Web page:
Dear P Drake, shut the phuc up

April 1, 2014

Just the link.

MPF’s Latest (11th) Update

January 11, 2014

This post is the author’s reaction to the 11th update, which I cannot re-produce here, and is mainly written for fellow MPF investors who were also sent this update.

While the overall status of the Managed Performance Fund is indeed bleak, no doubt, the main source of any optimism about recovery action has been — for several months now — recovery through litigation. Prospects for recovery through selling off any land or for “normal business” stuff (which comprises the first half of the update) just hasn’t been on the table since the fund went into administration. Our money went “poof” on that moment, probably even before then. So let’s just accept that, if we haven’t already. Perhaps the one thing is that what money they are able to recover from the business side of things is paying for part of Korda Mentha’s costs.

What remains to be seen, however, is how well we’ll do in court. On that score, it seems — at least, this is my takeaway from it — is that it sounds like there is reason for some guarded optimism. Now, we’re probably wishing and hoping that Drake’s finances will allow some recovery, but that’s just not going to happen. The way I read it, is that have tracked down how and when Drake squirrelled away money, which means it’s gone, but it also means they have a strong criminal court case against him. Remember, the action of pushing money in the lead up to the failure is indication that this fraud was intentional, a vital and difficult aspect to prove in court. That they seem to have that should be reason for us to smile.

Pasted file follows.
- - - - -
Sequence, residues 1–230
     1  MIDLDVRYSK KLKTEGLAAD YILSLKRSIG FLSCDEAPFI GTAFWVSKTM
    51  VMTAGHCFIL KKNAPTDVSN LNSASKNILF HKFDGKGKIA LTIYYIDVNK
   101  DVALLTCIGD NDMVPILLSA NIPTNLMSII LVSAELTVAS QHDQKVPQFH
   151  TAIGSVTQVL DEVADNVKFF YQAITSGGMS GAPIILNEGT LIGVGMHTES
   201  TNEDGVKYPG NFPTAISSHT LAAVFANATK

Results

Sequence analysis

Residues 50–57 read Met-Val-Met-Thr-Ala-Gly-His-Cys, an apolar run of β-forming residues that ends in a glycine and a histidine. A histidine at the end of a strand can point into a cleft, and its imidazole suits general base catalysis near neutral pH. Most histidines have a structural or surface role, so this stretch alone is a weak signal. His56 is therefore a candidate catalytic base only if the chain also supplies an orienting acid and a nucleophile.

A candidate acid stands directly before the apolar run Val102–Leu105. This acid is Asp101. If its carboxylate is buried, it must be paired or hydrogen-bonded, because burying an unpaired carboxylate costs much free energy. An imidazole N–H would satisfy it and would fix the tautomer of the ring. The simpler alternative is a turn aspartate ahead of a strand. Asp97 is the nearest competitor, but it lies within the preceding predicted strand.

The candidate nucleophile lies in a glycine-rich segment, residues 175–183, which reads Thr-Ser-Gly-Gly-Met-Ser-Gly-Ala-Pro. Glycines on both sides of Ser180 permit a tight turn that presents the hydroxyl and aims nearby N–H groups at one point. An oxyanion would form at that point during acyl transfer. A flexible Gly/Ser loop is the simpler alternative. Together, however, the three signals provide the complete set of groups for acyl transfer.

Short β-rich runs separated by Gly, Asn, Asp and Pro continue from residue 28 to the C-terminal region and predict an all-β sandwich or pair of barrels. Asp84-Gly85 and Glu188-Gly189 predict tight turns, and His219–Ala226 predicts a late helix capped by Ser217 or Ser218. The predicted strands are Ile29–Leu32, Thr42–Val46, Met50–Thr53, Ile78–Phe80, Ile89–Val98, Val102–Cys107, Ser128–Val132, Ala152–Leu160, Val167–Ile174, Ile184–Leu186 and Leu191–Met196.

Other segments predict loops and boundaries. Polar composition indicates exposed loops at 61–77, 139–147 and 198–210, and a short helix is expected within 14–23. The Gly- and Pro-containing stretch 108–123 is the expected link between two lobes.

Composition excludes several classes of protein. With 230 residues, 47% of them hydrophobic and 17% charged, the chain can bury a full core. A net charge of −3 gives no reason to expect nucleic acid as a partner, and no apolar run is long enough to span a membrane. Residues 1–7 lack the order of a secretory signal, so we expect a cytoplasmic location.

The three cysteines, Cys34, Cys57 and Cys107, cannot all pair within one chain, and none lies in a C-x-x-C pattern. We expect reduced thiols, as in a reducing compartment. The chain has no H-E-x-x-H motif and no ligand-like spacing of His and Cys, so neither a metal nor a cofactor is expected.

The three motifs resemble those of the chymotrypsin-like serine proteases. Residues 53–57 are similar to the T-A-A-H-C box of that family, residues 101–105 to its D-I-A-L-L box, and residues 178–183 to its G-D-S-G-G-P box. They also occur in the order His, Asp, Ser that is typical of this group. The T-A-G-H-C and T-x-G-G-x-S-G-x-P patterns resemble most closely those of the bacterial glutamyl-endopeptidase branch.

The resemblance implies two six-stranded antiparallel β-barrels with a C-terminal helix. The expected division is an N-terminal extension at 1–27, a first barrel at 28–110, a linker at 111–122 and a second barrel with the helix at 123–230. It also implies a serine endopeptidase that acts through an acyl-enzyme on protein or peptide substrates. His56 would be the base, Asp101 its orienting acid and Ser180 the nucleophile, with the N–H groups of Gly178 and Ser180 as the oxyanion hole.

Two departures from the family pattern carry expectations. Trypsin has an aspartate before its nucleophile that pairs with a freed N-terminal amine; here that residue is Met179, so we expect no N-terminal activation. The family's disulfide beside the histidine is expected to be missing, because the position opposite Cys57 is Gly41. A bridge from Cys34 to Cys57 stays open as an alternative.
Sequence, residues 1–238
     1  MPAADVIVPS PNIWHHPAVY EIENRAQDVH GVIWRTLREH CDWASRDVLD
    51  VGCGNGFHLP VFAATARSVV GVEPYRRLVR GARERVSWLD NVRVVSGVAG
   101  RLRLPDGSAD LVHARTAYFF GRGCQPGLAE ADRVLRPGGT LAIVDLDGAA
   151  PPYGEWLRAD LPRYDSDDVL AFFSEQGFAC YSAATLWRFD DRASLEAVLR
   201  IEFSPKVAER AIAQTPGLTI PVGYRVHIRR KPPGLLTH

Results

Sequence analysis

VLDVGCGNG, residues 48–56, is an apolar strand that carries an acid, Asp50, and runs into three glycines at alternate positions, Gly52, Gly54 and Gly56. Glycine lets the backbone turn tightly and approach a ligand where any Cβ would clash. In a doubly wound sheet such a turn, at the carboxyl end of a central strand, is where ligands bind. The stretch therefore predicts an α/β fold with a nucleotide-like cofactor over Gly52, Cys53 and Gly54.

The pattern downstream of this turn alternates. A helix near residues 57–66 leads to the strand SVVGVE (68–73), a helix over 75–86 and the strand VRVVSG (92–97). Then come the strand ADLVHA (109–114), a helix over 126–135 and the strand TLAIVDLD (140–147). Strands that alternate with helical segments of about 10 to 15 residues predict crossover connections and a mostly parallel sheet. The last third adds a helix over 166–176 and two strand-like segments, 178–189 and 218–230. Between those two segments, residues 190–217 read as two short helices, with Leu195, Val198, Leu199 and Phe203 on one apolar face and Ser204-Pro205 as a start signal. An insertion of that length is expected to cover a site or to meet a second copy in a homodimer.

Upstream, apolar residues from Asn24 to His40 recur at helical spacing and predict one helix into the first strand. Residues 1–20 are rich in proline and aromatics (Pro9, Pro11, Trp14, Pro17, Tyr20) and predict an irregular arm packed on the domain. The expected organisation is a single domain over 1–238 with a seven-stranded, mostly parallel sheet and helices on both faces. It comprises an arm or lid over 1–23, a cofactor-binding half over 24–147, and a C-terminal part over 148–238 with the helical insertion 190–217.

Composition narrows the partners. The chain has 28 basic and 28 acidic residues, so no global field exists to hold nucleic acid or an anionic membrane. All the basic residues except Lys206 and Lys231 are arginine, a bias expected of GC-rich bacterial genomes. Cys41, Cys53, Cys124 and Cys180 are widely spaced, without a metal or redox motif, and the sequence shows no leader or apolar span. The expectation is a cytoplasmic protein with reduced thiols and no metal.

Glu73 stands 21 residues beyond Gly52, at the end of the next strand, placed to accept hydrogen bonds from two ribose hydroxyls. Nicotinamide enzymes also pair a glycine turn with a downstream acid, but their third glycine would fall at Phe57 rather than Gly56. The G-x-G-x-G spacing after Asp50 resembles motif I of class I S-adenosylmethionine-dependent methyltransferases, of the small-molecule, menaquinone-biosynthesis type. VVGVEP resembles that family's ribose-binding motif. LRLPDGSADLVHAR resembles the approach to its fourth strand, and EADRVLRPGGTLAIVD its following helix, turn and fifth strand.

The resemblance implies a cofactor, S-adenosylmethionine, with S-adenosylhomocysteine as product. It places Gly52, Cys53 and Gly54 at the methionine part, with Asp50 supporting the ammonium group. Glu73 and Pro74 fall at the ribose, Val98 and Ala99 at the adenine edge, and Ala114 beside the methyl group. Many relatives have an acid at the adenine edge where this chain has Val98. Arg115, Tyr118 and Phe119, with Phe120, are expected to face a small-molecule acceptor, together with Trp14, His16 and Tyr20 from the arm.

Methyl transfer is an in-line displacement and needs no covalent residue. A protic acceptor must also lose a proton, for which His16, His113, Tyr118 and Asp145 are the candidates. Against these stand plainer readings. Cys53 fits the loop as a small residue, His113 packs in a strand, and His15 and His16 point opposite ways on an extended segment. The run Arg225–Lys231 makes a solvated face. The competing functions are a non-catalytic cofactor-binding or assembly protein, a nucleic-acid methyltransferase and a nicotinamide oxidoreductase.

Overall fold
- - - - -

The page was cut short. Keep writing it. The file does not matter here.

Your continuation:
Where the money will be, though, is in discovering that this fund was clearly a scandal, that there were clearly multiple red flags, and everyone who was involved in the selling and confirming this fund are to blame. It’s those guys that have money from which can be recovered. They also have lots of lawyers, hence it will take years for this whole thing to play out.

There were other hints and suggestions that KM have convinced themselves of the extent of the fraudulent activity as well, which should also be indication, or at least, that I’m taking this as indication, that it might be “straightforward” to prove in court (or, at least as straightforward as this comes).

In other words, this author is choosing to believe the fact that KM isn’t saying “we’ve investigated things and we are unable to come to any definitive conclusions” to mean that there are still a lot of legs left in this saga.

What to look for in 2014

January 2, 2014

First of all, caveats. I am no by no means an expert in any of the things that I’m talking about below. It’s well outside of the scope of my regular day job. Up until this happened discussing business and economics was just not something I was interested in. I am almost certainly wrong about something below, but at least it’s something for investors to think about. So, with that in mind, here goes: